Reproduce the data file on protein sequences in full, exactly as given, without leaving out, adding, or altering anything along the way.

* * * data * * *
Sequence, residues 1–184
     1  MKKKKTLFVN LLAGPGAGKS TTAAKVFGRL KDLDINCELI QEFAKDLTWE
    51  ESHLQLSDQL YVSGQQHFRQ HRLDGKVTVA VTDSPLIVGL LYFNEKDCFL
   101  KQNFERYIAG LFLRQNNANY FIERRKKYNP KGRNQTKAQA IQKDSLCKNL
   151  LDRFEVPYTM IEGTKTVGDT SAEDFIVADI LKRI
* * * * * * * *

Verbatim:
Sequence, residues 1–184
     1  MKKKKTLFVN LLAGPGAGKS TTAAKVFGRL KDLDINCELI QEFAKDLTWE
    51  ESHLQLSDQL YVSGQQHFRQ HRLDGKVTVA VTDSPLIVGL LYFNEKDCFL
   101  KQNFERYIAG LFLRQNNANY FIERRKKYNP KGRNQTKAQA IQKDSLCKNL
   151  LDRFEVPYTM IEGTKTVGDT SAEDFIVADI LKRI